Upgrades Under Way at Scenic 1920s-Era Toll Bridge Over Delaware River

Wed July 01, 2020 - National Edition

The existing bridge, opened to traffic in 1927, is a six-span, riveted steel Warren truss structure with a total length of 825 ft.
The existing bridge, opened to traffic in 1927, is a six-span, riveted steel Warren truss structure with a total length of 825 ft.

A seven-week-long project to make improvements to the 93-year-old Centre Bridge-Stockton Toll-Supported Bridge across the Delaware River is now under way.

The span, located north of metro Philadelphia, connects U.S. Route 32 in Solebury Township, Pa., to U.S. Route 29 in Stockton, N.J.

Motorists, pedestrians and bicyclists who use the scenic bridge could be impacted by construction activities in the vicinity of the river crossing, the Delaware River Joint Toll Bridge Commission (DRJTBC) said prior to the work's start on June 22.

Contractors are making repairs and improvements to approach roadways, curbs and sidewalks near three dual-lane steel-truss spans linking Bucks County, Pa., and Hunterdon County, N.J.

Work at the bridge's Pennsylvania approaches is limited to daylight hours on weekdays, and is being staged to maintain public access with nearby businesses through construction. In July, the approach roadways at each end of the bridge are expected to undergo milling, repaving and restriping.

Motorists are likely to encounter brief traffic stoppages at the triangular intersection on the bridge's Pennsylvania approach. Also, repairs on the foundation of the staircase that connects the bridge's walkway with the Delaware Canal towpath (Pennsylvania side) is nearly complete.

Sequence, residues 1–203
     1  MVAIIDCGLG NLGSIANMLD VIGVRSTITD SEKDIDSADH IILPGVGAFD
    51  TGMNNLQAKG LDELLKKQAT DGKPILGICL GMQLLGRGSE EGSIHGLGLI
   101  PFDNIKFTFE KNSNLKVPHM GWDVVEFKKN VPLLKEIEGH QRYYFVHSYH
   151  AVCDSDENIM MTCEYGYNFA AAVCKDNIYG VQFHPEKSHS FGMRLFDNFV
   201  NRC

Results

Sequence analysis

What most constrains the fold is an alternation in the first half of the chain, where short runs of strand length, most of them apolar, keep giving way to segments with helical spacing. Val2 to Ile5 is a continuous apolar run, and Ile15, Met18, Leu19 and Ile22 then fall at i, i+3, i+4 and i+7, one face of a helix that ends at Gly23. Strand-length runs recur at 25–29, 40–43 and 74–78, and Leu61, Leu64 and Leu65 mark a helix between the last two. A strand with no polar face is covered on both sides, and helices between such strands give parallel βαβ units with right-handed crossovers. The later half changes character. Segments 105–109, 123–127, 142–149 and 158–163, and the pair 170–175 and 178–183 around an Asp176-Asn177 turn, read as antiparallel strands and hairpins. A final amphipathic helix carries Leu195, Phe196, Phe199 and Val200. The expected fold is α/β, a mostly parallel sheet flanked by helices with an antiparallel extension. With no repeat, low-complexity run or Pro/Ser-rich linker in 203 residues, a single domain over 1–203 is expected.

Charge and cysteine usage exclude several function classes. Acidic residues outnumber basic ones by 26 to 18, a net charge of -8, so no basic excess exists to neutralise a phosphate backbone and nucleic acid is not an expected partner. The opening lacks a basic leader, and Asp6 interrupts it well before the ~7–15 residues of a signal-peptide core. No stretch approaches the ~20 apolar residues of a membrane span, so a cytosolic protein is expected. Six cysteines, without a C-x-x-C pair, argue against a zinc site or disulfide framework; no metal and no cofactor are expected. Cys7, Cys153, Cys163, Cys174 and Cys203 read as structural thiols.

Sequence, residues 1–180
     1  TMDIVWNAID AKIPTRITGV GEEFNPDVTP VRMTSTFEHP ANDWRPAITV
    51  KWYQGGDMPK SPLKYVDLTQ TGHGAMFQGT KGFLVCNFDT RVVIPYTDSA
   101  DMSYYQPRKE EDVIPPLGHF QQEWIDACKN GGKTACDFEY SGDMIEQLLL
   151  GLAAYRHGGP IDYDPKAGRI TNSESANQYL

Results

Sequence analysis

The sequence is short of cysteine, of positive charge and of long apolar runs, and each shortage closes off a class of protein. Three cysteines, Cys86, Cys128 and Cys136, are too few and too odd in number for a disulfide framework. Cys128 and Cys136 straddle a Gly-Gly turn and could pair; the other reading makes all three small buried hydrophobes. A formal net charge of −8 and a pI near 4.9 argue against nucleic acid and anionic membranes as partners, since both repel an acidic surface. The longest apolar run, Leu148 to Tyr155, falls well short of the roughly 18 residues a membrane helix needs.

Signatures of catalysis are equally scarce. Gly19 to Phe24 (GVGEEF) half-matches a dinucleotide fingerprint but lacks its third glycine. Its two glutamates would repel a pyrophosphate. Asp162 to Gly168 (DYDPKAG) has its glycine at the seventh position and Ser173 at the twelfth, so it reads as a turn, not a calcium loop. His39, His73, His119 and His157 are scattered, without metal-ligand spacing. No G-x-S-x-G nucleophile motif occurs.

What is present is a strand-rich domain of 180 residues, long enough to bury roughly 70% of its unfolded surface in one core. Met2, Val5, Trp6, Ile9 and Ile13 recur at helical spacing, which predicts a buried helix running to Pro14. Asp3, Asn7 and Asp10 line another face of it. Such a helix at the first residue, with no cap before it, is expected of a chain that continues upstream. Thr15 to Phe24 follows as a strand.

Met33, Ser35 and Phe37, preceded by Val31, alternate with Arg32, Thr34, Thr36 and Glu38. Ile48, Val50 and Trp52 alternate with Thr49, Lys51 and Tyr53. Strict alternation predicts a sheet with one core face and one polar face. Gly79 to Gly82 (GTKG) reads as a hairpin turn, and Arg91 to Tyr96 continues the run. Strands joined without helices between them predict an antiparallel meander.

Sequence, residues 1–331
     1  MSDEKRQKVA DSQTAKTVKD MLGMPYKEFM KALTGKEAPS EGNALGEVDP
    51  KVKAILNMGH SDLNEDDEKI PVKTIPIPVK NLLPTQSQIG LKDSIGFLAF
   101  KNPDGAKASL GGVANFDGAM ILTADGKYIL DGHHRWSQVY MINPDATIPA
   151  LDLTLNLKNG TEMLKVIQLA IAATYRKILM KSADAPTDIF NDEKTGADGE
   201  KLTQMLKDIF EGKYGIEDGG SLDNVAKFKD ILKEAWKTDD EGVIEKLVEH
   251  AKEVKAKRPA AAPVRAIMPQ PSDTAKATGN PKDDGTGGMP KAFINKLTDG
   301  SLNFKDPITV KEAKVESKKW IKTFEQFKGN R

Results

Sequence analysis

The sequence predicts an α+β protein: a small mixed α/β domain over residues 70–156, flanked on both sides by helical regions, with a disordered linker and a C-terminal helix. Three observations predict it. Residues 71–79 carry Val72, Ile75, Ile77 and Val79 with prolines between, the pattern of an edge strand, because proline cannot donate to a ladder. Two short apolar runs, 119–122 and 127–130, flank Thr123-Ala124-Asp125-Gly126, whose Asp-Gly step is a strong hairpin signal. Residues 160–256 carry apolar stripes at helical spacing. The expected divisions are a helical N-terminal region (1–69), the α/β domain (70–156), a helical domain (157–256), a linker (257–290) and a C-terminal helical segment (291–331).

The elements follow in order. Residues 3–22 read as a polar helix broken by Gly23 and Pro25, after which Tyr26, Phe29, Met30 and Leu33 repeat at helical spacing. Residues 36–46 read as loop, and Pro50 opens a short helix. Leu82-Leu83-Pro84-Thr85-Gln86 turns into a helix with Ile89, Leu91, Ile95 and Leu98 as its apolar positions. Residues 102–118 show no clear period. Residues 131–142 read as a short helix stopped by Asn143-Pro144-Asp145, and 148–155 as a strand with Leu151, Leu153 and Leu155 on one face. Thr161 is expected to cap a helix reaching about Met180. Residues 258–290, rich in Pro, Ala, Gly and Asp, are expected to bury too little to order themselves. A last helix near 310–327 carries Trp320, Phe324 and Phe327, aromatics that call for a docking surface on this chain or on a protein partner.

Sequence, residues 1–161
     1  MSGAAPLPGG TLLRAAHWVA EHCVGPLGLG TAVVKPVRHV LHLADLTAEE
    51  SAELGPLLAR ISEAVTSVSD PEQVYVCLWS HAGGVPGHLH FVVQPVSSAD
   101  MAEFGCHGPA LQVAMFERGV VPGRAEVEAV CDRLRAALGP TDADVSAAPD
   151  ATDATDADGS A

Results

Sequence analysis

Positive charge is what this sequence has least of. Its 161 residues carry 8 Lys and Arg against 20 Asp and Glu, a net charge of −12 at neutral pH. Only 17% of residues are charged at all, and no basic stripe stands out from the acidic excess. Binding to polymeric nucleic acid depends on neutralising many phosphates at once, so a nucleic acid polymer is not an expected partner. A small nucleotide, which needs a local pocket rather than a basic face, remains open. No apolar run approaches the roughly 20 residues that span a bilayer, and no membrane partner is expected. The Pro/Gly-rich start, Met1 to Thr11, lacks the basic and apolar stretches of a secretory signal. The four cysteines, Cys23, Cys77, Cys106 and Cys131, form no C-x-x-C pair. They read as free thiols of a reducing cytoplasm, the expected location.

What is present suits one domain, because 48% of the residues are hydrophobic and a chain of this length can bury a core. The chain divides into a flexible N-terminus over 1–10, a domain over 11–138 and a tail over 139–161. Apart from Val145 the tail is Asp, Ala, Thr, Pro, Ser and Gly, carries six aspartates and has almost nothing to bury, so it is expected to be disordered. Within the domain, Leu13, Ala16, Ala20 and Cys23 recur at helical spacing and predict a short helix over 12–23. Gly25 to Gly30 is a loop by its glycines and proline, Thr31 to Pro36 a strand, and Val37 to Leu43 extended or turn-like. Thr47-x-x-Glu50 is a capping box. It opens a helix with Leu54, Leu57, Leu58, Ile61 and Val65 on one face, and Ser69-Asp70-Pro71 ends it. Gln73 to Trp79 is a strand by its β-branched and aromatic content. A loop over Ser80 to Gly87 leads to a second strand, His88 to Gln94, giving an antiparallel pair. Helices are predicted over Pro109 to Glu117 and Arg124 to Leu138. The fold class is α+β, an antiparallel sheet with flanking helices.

The significant improvement activities and travel impacts for the Keystone State's side of the Centre Bridge-Stockton Toll bridge are as follows:

  • Replace six storm-water inlets with bicycle-safe grates
  • Replace and install curbs
  • Clean culvert and storm-water lines, inlets and drains within the commission's jurisdictional approaches at each end of the bridge
  • Extend a sidewalk on the Pennsylvania side
  • Mill and resurface the DRJTBC's asphalt approaches on both sides of the bridge, including around the triangular island on the Pennsylvania side.

For drivers, flaggers are alternating single-lane travel for vehicles approaching the bridge when construction and paving activities take place from 9 a.m. to 4 p.m. Monday through Friday.

Because of the closure of the steel staircase connecting the bridge's walkway with the underlying canal towpath in Pennsylvania, in the last full week of June, the scores of pedestrians and bicyclists that enjoy traversing the span had to use other toll-supported bridges to the north and south to cross between the two states.

The original Centre Bridge-Stockton Toll Supported Bridge, constructed at the site formerly known as Reading's Ferry, was opened to traffic in the spring of 1814. The covered wood bridge consisted of six spans, with latticed type trusses. In 1923, the old river bridge was destroyed by fire.

The existing bridge, opened to traffic in 1927, is a six-span, riveted steel Warren truss structure with a total length of 825 ft. The steel open-grate deck, added to the bridge in 1990, provides a clear roadway width of 20 ft. between three-beam railings. A 6 ft. timber-plank pedestrian sidewalk, also replaced in 1990, is supported on the downriver truss by steel cantilever brackets.

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